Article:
Monday, July 2nd, 2007
“The next time we’re in town, we want outrageous, rambunctious behaviour right off the bat”.
So said Jeff Tweedy the last time Wilco came through town almost a year ago and remembering that dressing down (watch the 10MB AVI of him berating us), Saturday night’s Wilco show at Massey Hall started with a good old-fashioned stage rush from the floor seats that pretty much set the tone for the night – and we didn’t even have to yell, “Enough with the artsy-fartsy sombre numbers, man”. This was the last night of a two and a half week North American tour and while that’s barely a walk in the park for road warriors like Wilco, they were prepared to leave it all on stage. Every last bit.
But before I get into that, Low deserves mention. Of all the bands I’ve seen open for Wilco over the years, they were the first I was really excited about rather than curious and it’s a shame they’ll probably never be big enough to play a venue like Massey on their own because they sounded magnificent. The acoustics of the room suited them perfectly, their spare and solemn hymns ringing out like it was a cathedral. It’s kind of funny that a band that’s released what’s arguably their darkest, bleakest record in Drums And Guns should tour with one who just released their lightest and breeziest (Wilco and Sky Blue Sky, if you need cue cards) but whatever, whyever, I’m grateful for it. Wilco axeman Nels Cline came out to lend lap steel on a couple songs including a stunning reading of “Pissing” and when their too-short 40-minute set wrapped, they left the stage to a standing ovation from the audience.
And back to the main event. Considering this was my ninth time seeing Wilco – four times in support of A Ghost Is Born alone – it was a very real risk that what used to be an event was starting to feel a bit routine. After all, the set list over the past few years hasn’t changed that much, gradually evolving with the introduction of new songs rather than offering many surprises from the band (and Jeff Tweedy’s) expansive back catalog. And so it figures that just when I’m starting to get a bit complacent in my appreciation for Wilco (I like – but don’t love – SBS), they turn around and remind me why and how much I love the band.
I thought they were tight before, but somehow, somewhere, they managed to find yet another level and make it seem effortless. I had thought that I might be tired of hearing the same songs as the past shows played yet again but not so – I still got excited at the opening drum fills of “I Am Trying To Break Your Heart”, the crashing crescendo of “Via Chicago”, Nels Cline’s sublime solo to wind out “Ashes Of American Flags”… I guess I forgot it’s not just the song, it’s the performance. As mentioned, this was the final date of the current tour and as such, the band was in a particularly loose and jovial mood, joking and goofing about. Moreso than any other time I’ve seen them, they seemed to be having an obscene amount of fun onstage and that carried over to the audience, who were basking in the glow of a band of supremely talented musicians in absolutely top form. Tweedy was chattier than ever, calling us the best audience of the tour (a nice change from being chewed out for being too polite), flaunting his t-shirt emblazoned with the words “Sellout” during “Hummingbird” (sponsored by Volkswagen?) and inciting Pat Sansone to take on Cline in a guitar solo showdown during show finale “Hoodoo Voodoo”. Normally I’d say anyone who goes six-string gunning for Nels Cline is a fool and a half but damn if Sansone didn’t hold his own.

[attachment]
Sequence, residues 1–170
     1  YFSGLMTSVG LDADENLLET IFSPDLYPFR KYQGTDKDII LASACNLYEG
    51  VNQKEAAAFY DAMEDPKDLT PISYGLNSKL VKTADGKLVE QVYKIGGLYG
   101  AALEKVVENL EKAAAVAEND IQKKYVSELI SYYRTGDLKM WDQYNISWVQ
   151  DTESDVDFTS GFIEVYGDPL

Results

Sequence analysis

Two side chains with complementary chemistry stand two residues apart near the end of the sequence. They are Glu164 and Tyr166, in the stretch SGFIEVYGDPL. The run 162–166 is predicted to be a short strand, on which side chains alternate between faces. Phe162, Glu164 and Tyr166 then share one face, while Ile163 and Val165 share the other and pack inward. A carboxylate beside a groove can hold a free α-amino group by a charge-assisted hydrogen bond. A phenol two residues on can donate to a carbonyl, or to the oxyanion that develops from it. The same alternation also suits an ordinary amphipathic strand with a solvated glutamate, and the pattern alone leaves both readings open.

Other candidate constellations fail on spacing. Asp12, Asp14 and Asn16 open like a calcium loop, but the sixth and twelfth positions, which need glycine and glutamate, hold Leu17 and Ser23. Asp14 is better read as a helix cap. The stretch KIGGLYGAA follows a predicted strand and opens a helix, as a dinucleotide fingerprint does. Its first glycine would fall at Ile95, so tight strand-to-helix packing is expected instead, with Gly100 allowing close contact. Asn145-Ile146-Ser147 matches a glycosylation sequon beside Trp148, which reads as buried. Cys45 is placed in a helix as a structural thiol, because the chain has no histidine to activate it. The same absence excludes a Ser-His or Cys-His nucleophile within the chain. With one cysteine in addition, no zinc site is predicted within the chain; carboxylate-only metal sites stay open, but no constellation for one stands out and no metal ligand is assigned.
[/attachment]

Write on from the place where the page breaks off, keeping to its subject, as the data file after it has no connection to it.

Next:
Since their August 2004 show at the Mod Club, that has been my indisputable best Wilco show – how could you possibly top the specialness and intimacy of seeing them play a 550-capacity club? Well it took almost three years, but they did it. MAN did they do it. What a night.
Photos: Wilco, Low @ Massey Hall – June 30, 2007
MP3: Wilco – “What Light”
MP3: Low – “Breaker”
Video: Low – “Breaker” (YouTube)
Video: Low – “Belarus” (YouTube)
Video: Low – “Hatchet” (YouTube)
Video: Low – “Breaker” animated version (YouTube)
Video: Low – “In Silence” (YouTube)
Somehow Spinner knew I’m about two hours away from having season four of The Wire downloaded as they pointed to this MP3 of Tom Waits performing “Way Down In The Hole, aka the theme song of the show, accompanied by the Kronos Quartet in a 2003 live performance in support of the Healing The Divide foundation.
Happy Canada Day statutory holiday day, everyone! Unless you’re working today in which case… sucks to be you!